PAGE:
Distilling is a bit involved, but fermentation occurs when stuff just sits around — lots of stuff, not just particular species.

                    8. I have always wondered about distillation. It takes some expertise to end up with more or less just ethanol and not enough methanol to kill you. Both are produced whenever you ferment and distill plant material. You wanted to buy your liquor from someone who knew what they were doing, which, essentially, means they knew how to eliminate the methanol.

                    9. Assuming you don’t have the apparatus to do real fractional distill’n, you do time fractionation — you throw away the first “cut”, i.e. what first comes off. Also you choose ferments that are lower in methanol to begin with. But that still leaves you a lot of material you can start with.

                    10. tell that to all the amateur chemists cooking meth right now. Unless you are being literal when you say narcotics (opiates) and then yes, they come from only one plant – poppy.

    3. What’s the contradiction? There’ve been problems that have pre-dated humanity, and they existed up to the moment they were gotten rid of, or were reduced. What about the wheel, what about sanitation, what about language?

      1. What about the wheel, what about sanitation, what about language?

        The contradiction is in viewing the use of alcohol as a ‘problem’ to be ‘solved’ by others, while citing it’s use throughout history as a statement of it’s legitimacy, thereby dismissing any comparison to drug legalization.

        To use your analogy –
        The Wheel was a solution to the human desire to travel more efficiently, just as the use of alcohol is a hallmark of human society, and may well be proven to have beneficial effects on health.

        The proper analogy would be to have banned the wheel at some point, because some people were riding their chariots too fast, and then, once the ban was overturned, to deride the legalization of flight because mankind hadn’t been traveling through the air for nearly as long or as thoroughly as over the ground.

        1. Did he say he approved? He’s a historian, he’s describing what people do. Are people not always driven towards trying to make anything and everything better, whether they know how to or not? Sometimes they do make things better, sometimes worse, sometimes just different, sometimes no effect. Sometimes they try to do it by force against other people, sometimes by force against inanimate objects, oftentimes by other means entirely.

          1. no, he’s not DESCRIBING what people did, he is analyzing it and he is doing so by modern standards. It’s professional second-guessing and intellectual junk food.

          2. Weird comment squirrels – 11:01 should be to wareagle @10:58.

            Are people not always driven towards trying to make anything and everything better, whether they know how to or not?

            Not when they study what didn’t work, and make suggestions of repeating the same behavior.

            1. But how about when they don’t?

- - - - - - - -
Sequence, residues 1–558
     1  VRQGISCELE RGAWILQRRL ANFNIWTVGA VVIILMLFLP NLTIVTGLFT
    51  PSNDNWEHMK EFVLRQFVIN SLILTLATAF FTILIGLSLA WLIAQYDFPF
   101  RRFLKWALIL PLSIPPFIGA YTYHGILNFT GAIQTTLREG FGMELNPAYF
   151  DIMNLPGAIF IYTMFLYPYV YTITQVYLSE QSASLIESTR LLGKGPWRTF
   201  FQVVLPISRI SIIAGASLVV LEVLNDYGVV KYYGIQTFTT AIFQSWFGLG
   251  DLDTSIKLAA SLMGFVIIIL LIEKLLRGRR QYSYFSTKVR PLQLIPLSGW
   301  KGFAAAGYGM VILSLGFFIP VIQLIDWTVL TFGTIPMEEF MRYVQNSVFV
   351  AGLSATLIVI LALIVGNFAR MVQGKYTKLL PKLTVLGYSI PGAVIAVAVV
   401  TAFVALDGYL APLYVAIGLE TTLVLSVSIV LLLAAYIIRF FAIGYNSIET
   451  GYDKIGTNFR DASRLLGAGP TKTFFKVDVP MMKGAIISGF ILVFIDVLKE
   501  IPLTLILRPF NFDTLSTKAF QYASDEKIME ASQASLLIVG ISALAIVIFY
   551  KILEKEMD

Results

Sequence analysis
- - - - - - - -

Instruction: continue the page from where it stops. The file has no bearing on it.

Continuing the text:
1. By looking at prohibition?

              2. His documentary shows that ending prohibition made things better. He then states that prohibition of drug use, while admitting the same problems exist, is A-O-K.

                1. Where did he say that? Seems everyone here but me had the guy talking twice as much as he actually did.

                  What he seemed to imply is that the problems are not as bad, because not as many people want to use narcotics as want to drink liquor. Less problem doesn’t mean all OK.

                  1. No. What he said (not implied) was that there is no corollary of prohibition to the drug war, simply because not as many people use drugs (It’s a sub-culture).

                    But that’s not true.

                    The problems are worse, unless you think thousands of dead Mexicans in the past year from an out of control drug war is A-OK, along with over a million arrested in the US last year for simple possession.

                    If the threat of Mexican national instability by rogue drug cartels at our southern border doesn’t equate to the rise of the same unintended consequence of “organized crime”, then you, like Burns, simply want to ignore the scope of the problem, which is now worldwide.

                    1. What he said (not implied) was that there is no corollary of prohibition to the drug war, simply because not as many people use drugs (It’s a sub-culture).

                      No, what he said was that narcotics prohib’n wasn’t necessarily the best analog today to liquor prohib’n, for that reason. And he may be right about that.

                      The analogy to narcotics prohib’n is close in very concrete terms, but in relational terms I think there probably are policies that are closer to liquor prohib’n in that they seem to rely on a change in the character of humanity in general. I think the civil rights laws may be the closest thing we have today to liquor prohib’n.

                      There were some cx between the origins of liquor and drug policy, but also important differences that are still in play.

                    2. The analogy to narcotics prohib’n is close in very concrete terms, but in relational terms I think there probably are policies that are closer to liquor prohib’n in that they seem to rely on a change in the character of humanity in general. I think the civil rights laws may be the closest thing we have today to liquor prohib’n.